Amelia Hundley (USA)
Difficulty: 5.8 + 6.1 + 5.7 + 5.7 = 23.3
Those Games are the biggest competition Amelia has ever attended and for her, qualifying first into the AA finals is the greatest achievement of her career so far. She has been in the spotlight for a long time. She participated at the Nastia Liukin Cup twice and she made the national team in 2011, when she was 13 years old. That same year she competed at the Tokyo International. 2012 was the year when she really proved herself, after showing tremendous improvement and stepping out of the shadow of her teammate Lexie Priessman. She made the junior national team once again and successfully represented her country at Jesolo and at the pacific rim championships. 2013 was also great for her, since she made the junior national team for the third time in a row and she achieved one of her biggest dreams, to become a national champion. After all those great achievements, Amelia was expected to be a strong contender for team USA and her senior debut was highly anticipated. Unfortunately, an injury got in the way of that. She had an ankle surgery in the beginning of 2014 and because of that she missed the first half of the season and she lost some of her most difficult skills. She came back to compete at classics and nationals but she didn’t have enough difficulty to compete against the country’s top gymnasts. The beginning of 2015 was also not ideal for Amelia, who had to miss a couple of camps and did not get selected to compete at Jesolo. After that, and considering that her gym has had plenty of promising athletes who never managed to make it big because of injuries, people started to doubt if she would ever have the career everyone thought she would. After those disappointments and doubts it’s absolutely great to see Amelia finally showing world class difficulty and performing as well as she did during qualifications. She still has lots of improvements to make if she wants to even be considered a contender for USA’s world team, but she really is one of the strongest athletes competing at pan ams. She had an excellent first day of competition, posting the highest score we saw on vault and the second highest score on the uneven bars and floor exercise. The most notable skills she showed was her DTY on vault, her ricna + pak combination on bars and her new bhs + loso + loso series and double pike dismount on balance beam. I’m sure that if she is a bit more solid, she can score above 14 on beam but even if she doesn’t, she is a top contender for the gold medal.
Madison Desch (USA)
difficulty score: 5.8 + 6.2 + 6.0 + 6.2 = 24.2
An other stand out American junior who is now getting her time to shine after struggling with injuries for the biggest part of her senior career is Maddie Desch. Just like Amelia, she made the junior national team for the first time in 2011 and she showed incredible progress in 2012. During that year, Maddie impressed the world with her amazing difficulty, and showed skills that most senior athletes couldn’t even dream of, like a layout full on beam and a whip to double arabian on floor. She placed second at nationals and she was training an amanar so fans had every reason to believe that she would be one of the stars of team once she turned senior in 2013. However she struggled with injuries and she wasn’t able to show the level of difficulty she was capable of and she wasn’t as well prepared as she would have liked. Thankfully 2014 was much more succesful for Maddie, who helped team USA win a gold medal at the pan american championships and became the alternate of the gold medal winning world team. This was obviously an amazing achievement, but she didn’t really get to shine in the individual level in those competitions. This really is the first time we see her being the star, and not the solid team player of USA so this really is a very important moment for her. During qualifications, she showed an incredible level of difficulty and performed very hard skills like a DTY, on vault, a downie on bars, a whip + double arabian on floor and a layout full on beam. She performed beautifully on three events and earned the highest score on floor exercise and the third highest score on uneven bars, while her vault was also fantastic. Unfortunately, she wasn’t as lucky on beam, where she took a massive risk and attempted her layout full for the first time in three years. The fall on this skill cost her a place on beam finals and hurt her AA total. The good thing is that if she manages to hit her beam routine today, she will have a great chance to become the Pan American Games All Around champion. After all, she has the highest difficulty in the entire competition.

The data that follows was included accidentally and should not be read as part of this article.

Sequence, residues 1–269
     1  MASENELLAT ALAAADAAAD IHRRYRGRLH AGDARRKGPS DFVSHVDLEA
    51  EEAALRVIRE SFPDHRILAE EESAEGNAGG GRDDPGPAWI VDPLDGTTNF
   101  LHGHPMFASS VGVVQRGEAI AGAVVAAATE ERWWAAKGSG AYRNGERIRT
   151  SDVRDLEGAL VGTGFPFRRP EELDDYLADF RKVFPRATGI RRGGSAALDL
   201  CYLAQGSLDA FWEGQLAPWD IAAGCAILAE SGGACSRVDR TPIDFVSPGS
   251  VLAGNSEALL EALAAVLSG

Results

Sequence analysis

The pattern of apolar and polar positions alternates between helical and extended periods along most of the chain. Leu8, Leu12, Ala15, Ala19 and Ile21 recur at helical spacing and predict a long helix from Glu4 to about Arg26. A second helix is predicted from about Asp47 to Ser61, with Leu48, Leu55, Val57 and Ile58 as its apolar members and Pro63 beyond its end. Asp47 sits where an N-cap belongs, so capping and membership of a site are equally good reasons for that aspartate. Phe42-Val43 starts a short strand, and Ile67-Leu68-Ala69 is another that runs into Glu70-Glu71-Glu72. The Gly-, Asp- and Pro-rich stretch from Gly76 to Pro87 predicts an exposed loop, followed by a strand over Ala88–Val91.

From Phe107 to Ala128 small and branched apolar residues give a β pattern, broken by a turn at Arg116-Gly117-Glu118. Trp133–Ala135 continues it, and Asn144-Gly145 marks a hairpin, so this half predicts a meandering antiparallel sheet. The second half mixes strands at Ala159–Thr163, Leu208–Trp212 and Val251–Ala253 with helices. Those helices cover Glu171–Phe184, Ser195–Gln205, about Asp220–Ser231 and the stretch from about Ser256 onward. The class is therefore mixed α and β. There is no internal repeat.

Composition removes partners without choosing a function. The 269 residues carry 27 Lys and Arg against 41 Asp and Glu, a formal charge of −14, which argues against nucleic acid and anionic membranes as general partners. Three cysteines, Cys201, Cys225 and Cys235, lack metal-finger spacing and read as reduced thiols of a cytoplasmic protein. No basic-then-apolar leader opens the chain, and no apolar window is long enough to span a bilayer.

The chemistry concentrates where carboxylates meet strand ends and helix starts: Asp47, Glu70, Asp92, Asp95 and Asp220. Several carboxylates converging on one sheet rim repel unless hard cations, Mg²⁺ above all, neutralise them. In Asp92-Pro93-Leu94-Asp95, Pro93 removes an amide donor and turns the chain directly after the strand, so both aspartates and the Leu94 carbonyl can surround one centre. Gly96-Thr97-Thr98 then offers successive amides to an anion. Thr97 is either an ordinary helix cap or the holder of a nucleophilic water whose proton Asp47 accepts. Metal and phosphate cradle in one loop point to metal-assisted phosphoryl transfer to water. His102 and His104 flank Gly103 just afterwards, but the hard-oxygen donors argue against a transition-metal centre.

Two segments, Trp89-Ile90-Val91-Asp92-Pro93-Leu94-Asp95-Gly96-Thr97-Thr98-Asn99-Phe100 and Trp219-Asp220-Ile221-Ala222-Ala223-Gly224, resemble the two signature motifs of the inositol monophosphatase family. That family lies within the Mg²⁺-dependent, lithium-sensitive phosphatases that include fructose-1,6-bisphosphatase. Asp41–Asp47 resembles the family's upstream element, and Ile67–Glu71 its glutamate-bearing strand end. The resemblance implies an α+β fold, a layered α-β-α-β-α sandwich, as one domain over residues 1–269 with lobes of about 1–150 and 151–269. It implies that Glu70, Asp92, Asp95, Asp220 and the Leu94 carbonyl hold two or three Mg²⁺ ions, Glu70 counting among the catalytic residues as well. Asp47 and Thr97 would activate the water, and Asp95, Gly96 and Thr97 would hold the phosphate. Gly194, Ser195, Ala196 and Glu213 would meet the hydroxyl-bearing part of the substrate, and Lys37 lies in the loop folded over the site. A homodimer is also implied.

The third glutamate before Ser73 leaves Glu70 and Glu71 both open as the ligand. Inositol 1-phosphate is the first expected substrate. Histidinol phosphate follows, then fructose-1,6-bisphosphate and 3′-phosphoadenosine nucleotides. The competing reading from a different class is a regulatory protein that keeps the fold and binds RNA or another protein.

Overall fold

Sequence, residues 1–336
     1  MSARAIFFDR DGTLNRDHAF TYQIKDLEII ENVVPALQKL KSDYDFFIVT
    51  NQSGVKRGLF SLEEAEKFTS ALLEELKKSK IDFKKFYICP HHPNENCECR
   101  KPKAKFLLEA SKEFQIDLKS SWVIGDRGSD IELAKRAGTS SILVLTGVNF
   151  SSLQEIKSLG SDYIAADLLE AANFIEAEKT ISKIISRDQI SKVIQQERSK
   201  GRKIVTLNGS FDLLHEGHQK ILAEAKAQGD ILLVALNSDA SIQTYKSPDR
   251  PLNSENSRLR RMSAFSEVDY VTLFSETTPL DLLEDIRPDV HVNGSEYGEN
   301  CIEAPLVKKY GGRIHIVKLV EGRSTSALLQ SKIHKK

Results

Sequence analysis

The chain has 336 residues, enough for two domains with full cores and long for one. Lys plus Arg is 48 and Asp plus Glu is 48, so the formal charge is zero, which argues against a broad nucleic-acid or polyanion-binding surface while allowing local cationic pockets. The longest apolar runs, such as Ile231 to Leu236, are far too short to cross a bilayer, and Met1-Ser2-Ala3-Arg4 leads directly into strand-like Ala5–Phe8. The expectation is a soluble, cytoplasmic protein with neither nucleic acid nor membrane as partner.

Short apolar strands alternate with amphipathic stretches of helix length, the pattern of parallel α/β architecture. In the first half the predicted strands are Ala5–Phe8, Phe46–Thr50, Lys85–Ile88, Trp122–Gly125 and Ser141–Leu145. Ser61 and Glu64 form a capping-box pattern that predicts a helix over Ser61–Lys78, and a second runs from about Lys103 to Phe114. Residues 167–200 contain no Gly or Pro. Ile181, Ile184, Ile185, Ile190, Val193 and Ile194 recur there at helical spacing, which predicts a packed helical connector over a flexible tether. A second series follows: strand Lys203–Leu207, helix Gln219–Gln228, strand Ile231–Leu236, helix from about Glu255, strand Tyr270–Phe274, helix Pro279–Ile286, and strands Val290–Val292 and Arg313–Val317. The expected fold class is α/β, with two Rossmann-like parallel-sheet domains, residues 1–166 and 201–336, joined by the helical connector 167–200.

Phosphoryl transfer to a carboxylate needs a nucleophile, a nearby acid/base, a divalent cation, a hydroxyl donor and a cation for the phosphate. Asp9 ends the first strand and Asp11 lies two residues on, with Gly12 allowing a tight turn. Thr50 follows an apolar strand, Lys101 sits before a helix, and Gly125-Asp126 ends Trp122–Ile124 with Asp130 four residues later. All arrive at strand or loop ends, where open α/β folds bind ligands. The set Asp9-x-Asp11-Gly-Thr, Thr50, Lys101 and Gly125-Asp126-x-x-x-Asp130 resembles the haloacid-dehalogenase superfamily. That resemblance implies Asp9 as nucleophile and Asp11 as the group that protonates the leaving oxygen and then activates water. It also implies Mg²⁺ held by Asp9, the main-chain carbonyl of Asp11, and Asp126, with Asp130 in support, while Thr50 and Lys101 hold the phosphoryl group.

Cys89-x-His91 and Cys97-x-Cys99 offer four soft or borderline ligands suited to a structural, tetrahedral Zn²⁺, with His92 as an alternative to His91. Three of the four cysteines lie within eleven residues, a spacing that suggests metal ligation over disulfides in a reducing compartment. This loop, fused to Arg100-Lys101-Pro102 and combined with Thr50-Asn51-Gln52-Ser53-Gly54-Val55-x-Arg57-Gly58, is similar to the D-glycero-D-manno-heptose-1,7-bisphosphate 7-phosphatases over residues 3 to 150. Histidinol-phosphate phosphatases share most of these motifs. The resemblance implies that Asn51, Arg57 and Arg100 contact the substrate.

Ana Sofia Gomez Porras (Guatemala)
difficulty value: 5.8 + 5.9 + 6.3 + 5.7 = 23.7